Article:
The petunias have started putting on blossoms, and I have begun potting them up for planting outside. I started these back in mid-February, and they have grown into good sized plants now. They are all Wave varieties, which do extremely well for me in containers and provide lots of color all summer long. They are also popular with the swallowtail butterflies. The dark red bloom you see is Easy Wave Burgundy Velour.

Wave petunias

The tomatoes were started back in mid-March, and they should be ready for planting in early May once the soil is warm enough. The danger of frost should be past here now, but I generally rely on soil temps to guide my spring plantings. If you plant the tomatoes and other warm-loving veggies in cold soil, they will just sit there and sulk. These these tomatoes are in a 50 cell plug flat, which is where they will stay until I set them out.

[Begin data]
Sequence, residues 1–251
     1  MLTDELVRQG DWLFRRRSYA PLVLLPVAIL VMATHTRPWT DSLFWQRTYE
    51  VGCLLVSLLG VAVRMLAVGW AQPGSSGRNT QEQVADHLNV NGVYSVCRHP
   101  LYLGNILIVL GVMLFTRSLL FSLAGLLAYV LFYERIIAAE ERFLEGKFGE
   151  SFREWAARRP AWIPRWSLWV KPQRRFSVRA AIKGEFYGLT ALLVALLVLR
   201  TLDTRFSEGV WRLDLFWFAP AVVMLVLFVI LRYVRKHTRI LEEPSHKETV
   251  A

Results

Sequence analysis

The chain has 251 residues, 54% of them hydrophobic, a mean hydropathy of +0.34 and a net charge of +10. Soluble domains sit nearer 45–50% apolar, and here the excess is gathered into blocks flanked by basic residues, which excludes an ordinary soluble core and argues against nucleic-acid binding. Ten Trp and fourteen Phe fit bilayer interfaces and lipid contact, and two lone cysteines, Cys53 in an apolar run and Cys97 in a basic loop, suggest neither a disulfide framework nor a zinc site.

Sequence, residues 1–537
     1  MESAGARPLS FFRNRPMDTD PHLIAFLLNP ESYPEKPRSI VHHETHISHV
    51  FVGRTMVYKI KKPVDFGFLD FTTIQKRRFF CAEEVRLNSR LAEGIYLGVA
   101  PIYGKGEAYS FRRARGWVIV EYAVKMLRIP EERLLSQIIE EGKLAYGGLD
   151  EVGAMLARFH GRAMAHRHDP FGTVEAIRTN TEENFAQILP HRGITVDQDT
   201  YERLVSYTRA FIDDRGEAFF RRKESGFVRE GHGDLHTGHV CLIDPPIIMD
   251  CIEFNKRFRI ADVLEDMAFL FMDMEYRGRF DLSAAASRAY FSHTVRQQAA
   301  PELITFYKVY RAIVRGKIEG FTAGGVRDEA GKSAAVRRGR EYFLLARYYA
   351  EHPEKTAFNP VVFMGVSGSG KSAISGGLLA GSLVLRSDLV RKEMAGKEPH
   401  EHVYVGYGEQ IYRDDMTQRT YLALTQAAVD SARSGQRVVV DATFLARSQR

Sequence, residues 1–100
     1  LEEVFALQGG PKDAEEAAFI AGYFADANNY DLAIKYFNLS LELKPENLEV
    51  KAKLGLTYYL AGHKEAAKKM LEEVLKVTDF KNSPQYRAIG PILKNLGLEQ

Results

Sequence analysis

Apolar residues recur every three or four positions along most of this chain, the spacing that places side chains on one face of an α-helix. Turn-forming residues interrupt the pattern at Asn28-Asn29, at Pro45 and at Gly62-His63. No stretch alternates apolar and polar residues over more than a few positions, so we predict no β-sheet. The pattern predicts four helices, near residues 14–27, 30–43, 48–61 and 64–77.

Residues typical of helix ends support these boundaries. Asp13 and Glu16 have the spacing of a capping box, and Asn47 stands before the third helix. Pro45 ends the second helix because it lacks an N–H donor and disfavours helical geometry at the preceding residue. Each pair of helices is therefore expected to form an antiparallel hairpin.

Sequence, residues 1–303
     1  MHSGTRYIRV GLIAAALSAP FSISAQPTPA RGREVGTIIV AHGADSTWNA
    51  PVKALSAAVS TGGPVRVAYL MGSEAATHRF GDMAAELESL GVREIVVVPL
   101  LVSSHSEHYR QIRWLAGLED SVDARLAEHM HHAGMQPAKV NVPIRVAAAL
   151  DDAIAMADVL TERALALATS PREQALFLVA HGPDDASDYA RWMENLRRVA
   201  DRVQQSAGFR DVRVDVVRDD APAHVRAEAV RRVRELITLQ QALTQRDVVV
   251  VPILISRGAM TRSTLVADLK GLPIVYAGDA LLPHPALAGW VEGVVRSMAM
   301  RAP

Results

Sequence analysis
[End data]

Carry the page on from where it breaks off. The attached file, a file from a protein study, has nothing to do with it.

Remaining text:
tomato seedlings

The lettuce I planted in the salad boxes a few weeks ago has grown quite a bit from the last tour. It should be ready to start cutting in about two weeks or so. The ones in the below photo are mostly Salanova varieties.

lettuce in salad boxes

And the zucchini I set out in grow bags a few weeks ago has also grown a lot. I started these a full month earlier than I did last year, and that means I could be harvesting the first fruits a month earlier too. That would be mid-May, which would be exciting if it happens. I am sure by mid summer we will be less excited about any of the summer squashes, but the first few are always a big hit for sure.

Astia zucchini

It’s my first time growing the Tuscan Baby Leaf kale from Renee’s Garden. The leaves stay small and tender, and we’ve been enjoying them in salads mixed with other greens. I’ve got the plants growing in a planter where they seem happy for the time being. This one appears to be a keeper, and I look forward to growing it again.

Tuscan Baby Leaf kale

Another green I have growing in a planter is Mizspoona Salad Select. As the name suggests, it is a tender green suitable for adding to salads and other dishes like stir fries and soups.